The use of the inescutcheon here for the augmentation would seem to be prohibited by the ban on appearance of pretense in AR10d: note that such usual insignia of augmentation as chiefs, cantons, bases are not included here. (LoAR Aug 88, p. 16)

[Three pallets and three barrulets fretted in sinister base, in dexter chief in pale three roses in chevron and a goblet] [With] the primary charge abased to the sinister base ... the remaining charges [are] consequently diminished so in size as to appear like an eccentric canton of augmentation. (LoAR 26 Feb 89, pp. 18-19)

Pending a demonstration of the positive advantages to be gained from changing the rules to allow such an inescutcheon of augmentation at the honour point, we cannot see changing the current clearly expressed policy. (LoAR 21 May 89, p. 16)

The [papal] cross was not used in secular armoury except in those cases where it was granted as an augmentation by the Pope. This being the case, we feel it inappropriate to modify its current status as a reserved charge. (LoAR 18 Jun 89, p. 11)

Automatic Sufficient Difference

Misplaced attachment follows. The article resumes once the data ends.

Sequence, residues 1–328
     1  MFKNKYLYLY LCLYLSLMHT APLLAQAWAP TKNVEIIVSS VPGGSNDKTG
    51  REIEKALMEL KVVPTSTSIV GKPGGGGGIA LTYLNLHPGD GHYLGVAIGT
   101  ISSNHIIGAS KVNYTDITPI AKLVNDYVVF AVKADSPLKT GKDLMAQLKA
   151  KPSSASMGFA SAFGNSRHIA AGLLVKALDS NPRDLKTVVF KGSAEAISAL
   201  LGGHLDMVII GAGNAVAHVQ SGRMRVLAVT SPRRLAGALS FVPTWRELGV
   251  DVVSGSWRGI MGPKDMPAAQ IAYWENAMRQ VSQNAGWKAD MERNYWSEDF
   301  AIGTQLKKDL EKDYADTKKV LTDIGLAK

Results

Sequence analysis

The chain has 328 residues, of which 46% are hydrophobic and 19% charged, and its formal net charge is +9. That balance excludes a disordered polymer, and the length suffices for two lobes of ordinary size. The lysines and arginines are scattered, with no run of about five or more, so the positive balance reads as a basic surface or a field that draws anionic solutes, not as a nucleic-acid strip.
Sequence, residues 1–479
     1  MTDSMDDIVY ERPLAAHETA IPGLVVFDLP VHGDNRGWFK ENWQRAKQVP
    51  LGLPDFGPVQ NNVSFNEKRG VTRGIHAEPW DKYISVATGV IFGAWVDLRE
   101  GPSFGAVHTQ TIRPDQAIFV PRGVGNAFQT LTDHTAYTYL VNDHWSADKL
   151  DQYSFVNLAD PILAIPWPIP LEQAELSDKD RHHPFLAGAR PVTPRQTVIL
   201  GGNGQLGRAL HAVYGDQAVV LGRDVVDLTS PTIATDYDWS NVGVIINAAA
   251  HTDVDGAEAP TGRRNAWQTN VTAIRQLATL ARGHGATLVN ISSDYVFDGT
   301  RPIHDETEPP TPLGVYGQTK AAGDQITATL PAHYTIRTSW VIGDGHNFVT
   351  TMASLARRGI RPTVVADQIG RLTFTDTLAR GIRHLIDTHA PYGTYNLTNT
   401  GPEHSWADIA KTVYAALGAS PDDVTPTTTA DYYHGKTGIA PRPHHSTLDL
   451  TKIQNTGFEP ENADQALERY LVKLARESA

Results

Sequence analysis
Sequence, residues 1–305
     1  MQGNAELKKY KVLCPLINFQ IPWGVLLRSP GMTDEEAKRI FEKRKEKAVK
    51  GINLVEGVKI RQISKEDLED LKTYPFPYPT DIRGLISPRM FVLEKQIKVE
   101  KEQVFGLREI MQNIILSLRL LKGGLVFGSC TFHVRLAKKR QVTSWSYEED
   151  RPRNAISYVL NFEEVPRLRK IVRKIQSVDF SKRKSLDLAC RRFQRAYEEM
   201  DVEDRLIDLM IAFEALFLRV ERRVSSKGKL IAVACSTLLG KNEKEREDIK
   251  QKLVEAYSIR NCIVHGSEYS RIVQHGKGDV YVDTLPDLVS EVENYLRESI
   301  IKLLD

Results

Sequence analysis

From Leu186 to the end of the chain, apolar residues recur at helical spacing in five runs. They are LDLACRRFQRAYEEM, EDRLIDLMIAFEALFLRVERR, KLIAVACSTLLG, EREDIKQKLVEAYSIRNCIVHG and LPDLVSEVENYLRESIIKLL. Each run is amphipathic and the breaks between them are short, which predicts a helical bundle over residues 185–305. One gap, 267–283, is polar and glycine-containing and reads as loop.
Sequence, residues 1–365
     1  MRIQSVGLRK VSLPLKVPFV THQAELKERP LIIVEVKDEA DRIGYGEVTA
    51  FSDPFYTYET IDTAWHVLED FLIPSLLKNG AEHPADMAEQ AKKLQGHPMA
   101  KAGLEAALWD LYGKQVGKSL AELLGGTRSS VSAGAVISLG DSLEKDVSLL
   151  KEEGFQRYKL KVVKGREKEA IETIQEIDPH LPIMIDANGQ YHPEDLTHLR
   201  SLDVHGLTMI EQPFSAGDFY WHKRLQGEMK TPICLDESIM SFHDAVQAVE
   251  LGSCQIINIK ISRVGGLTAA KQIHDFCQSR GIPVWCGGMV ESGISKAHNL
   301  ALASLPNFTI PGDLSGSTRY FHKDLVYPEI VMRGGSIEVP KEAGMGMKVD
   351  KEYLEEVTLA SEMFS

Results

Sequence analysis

[Per chevron argent and sable, an annulet counterchanged] This is in conflict with the mundane arms ... ("Gyronny of eight sable and argent, an annulet counterchanged."... All the examples in the Rules for Submission make it clear that the "automatic sufficient difference" for counterchange is intended to apply only between a plain field charged and a divided field with the same charge counterchanged along the line of division. In this case only the line of division is changed. (LoAR 21 Feb 88, p. 14)

The intention [of Rule AR18a] was to allow automatic difference [between Society and mundane or fictional arms] in cases where period (and modern) heraldic practice would not perceive cadency. Thus a Society device which bore "Azure, a unicorn’s head Or, between three swords proper" would not conflict with "Azure, three swords palewise proper" because period heralds would perceive a potential cadet relationship not with the mundane coat cited, but with "Azure, a unicorn’s head Or". In the case of a charge added overall, the same situation does not exist, mundane heraldry does in fact indicate cadency by adding a charge overall. (LoAR 19 Mar 88, p. 4)


On or after August 15, 1989, no submission may be registered which contains any item which is known solely from Australia prior to 1600. (CL 8 Aug 89)


This was originally returned ... because ... the charges were difficult to recognize because of their fretting. Given the items that Society heraldry has fretted in the past, including "six two-pronged forks", fretting two axes seems reasonable. [Device registered.] (LoAR 26 Apr 87, p. 6)

Axle Bracket

[A U-form axle bracket] This is a simple and elegant charge. The modifier has been added solely to avoid confusion with the O-form of axle bracket or ring which ... did exist in period. (LoAR 26 Feb 89, p 11)